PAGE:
More entertainment for your viewing pleasure!
Successful and enterprising brewers have long shared the common trait of making their own equipment and modifying existing pieces and parts to fit their needs. The craft brewing industry has taken this spirit beyond the nuts and bolts of the brewery to the structure of the beer itself as way to explore new and curious ingredients in the pursuit of flavor and complexity. While I could share many examples of these types of behaviors from my days at Deschutes Brewery, one that truly defines how I am going about building this brewery and the beers it will produce has nothing to do with beer at all. It has to do with building a deck.
The land that our brewery resides is paramount in importance to our product. From the water to the spirit of wild nature; this place has the feeling of a homestead at times and a wild land preserve at others. We moved here to experience a connection with land that is hard to come by these days. It’s grounding and very satisfying when, instead of having to drive to Home Depot, I can harvest materials from my backyard to complete a project. This, to me, is sustainability. It may take extra labor, but the greater impact on our society is much less, and also much more positive. So, when we needed to build a deck on our small house after its construction, I bought myself a nice chainsaw from Jerry’s Power and had him file down a couple chains for rip sawing. Then, I chose a couple trees. Both were around 80 feet tall, a spruce and a white fir. I cut them down, borrowed an Alaskan chainsaw mill, and ripped planks from them. The longest board is well over 20 feet long and the widest plank is over a foot across. All boards are different widths, but in the end, it came out great. Not perfect, but unique and an experience unto itself. The process is evident simply by standing on it.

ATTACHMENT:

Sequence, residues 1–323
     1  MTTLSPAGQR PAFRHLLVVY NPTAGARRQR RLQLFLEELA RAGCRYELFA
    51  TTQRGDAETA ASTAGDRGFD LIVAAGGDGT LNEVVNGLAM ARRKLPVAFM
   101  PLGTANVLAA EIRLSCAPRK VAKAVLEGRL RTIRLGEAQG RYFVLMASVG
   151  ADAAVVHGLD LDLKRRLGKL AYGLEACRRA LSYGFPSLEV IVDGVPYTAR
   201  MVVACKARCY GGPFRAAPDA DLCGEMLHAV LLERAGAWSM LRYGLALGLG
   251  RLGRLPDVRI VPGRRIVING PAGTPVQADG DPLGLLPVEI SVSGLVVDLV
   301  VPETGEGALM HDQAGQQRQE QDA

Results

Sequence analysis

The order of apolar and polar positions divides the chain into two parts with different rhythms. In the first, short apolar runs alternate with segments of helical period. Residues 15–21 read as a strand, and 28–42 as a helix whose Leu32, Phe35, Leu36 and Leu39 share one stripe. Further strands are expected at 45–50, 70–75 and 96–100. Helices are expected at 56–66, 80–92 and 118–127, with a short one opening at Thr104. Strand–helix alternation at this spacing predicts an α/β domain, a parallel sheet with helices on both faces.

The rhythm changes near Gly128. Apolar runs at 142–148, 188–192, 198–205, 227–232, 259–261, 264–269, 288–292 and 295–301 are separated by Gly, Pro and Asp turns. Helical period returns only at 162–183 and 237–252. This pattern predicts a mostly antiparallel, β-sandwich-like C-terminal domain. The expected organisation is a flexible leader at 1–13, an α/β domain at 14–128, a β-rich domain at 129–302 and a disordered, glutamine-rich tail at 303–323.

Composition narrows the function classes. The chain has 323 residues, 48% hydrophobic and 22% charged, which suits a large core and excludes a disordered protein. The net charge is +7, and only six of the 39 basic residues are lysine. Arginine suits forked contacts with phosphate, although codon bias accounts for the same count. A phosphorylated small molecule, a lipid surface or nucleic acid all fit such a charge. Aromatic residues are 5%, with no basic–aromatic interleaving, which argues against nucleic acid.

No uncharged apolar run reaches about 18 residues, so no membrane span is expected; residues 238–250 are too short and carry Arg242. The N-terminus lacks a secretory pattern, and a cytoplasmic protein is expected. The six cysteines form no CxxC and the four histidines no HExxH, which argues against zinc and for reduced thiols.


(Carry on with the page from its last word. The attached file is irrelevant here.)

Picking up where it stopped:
This is exactly what I’m going for with the beer from this brewery. An experience that will hopefully translate beyond even the beer in the bottle…one that represents everyone involved and the change that we want to be a part of in our small part of the world. One that includes, for better or for worse, two-stroke engines (but not in the brewhouse, thank you very much).